Erosion control: Which methods for which situations?

In my last blog post, I talked about Goal 18 and the regulation of erosion control structures on the Oregon coast. For this post, I will provide some more details on the typical erosion control mechanisms used in Oregon. As I started writing, I thought it would be useful to present these in the context of a flow chart to show what erosion control mechanisms are appropriate in various situations. The flowchart is below and has notes for further explanation. Note that this flowchart is not official or comprehensive, but just a format I find useful to visualize the connection between site and regulatory conditions and the most common erosion control mechanisms in Oregon. For better quality, click on the image. Enjoy!

erosion control flow chart_2-final
  1. Only properties that were developed as of January 1, 1977 are eligible for structural erosion control under Goal 18.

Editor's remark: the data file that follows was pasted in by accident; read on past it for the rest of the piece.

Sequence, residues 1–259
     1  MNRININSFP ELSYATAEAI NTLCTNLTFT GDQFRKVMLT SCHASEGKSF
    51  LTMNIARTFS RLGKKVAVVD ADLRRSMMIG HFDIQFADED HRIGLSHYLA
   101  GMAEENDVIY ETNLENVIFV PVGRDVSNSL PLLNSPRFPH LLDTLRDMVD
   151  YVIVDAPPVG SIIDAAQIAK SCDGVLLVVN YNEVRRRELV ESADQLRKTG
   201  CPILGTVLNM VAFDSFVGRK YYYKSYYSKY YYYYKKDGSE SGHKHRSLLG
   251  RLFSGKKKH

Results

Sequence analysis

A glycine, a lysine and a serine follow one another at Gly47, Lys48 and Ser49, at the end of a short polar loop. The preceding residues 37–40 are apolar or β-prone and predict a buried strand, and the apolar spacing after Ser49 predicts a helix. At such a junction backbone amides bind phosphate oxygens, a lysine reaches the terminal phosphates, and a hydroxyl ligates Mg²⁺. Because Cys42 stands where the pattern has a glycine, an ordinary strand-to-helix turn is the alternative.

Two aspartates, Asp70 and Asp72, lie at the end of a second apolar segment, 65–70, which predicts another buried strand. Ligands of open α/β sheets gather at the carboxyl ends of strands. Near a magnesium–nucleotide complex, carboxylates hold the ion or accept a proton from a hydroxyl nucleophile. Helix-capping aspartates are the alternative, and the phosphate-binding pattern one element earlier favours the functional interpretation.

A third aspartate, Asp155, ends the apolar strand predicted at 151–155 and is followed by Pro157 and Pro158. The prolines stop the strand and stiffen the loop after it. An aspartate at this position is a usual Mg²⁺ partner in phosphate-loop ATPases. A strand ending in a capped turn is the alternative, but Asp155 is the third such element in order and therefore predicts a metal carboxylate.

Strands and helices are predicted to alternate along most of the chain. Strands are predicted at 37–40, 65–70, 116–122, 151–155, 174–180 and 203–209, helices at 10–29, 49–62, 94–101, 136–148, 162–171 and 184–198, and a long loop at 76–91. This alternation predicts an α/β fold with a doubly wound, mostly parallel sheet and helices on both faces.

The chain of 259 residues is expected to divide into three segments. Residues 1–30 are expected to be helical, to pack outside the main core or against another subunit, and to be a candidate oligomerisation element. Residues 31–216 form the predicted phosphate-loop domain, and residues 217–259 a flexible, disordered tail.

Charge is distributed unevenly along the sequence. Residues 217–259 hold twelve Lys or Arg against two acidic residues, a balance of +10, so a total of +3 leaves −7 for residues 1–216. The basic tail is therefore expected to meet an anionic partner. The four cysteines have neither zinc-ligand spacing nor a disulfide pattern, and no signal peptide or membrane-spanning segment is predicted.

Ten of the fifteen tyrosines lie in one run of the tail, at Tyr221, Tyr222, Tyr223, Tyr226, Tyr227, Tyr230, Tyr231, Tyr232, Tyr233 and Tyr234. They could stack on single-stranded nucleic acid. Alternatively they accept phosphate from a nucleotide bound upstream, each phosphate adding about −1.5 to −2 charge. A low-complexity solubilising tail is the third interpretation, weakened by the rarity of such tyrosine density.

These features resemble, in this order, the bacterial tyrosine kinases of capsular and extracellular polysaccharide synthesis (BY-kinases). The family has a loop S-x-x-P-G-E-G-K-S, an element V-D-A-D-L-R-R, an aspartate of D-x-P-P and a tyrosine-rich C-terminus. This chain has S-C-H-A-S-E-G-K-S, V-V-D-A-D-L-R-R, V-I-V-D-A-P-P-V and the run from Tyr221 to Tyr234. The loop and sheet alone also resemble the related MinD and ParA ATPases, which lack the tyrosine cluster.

2. Structural erosion control, or a beachfront protective structure (BPS), is unofficially defined by DLCD as “A static structure that is intended to remain in a fixed position with the purpose of redirecting wave energy and to minimize or eliminate coastal erosion risk to development. BPS are purposefully constructed and intended to maintain that form over time. This includes, but is not limited to, rip-rap revetments, seawalls groins, breakwaters, jetties, bulkheads, geotextile sandbags, sand burritos, gabions, and concrete or mortar reinforcement such as shotcrete. Beachfront protective structures do not include dynamic treatments such as sand nourishment, cobble revetments, and similar non-structural or non-fixed erosion mitigation measures.”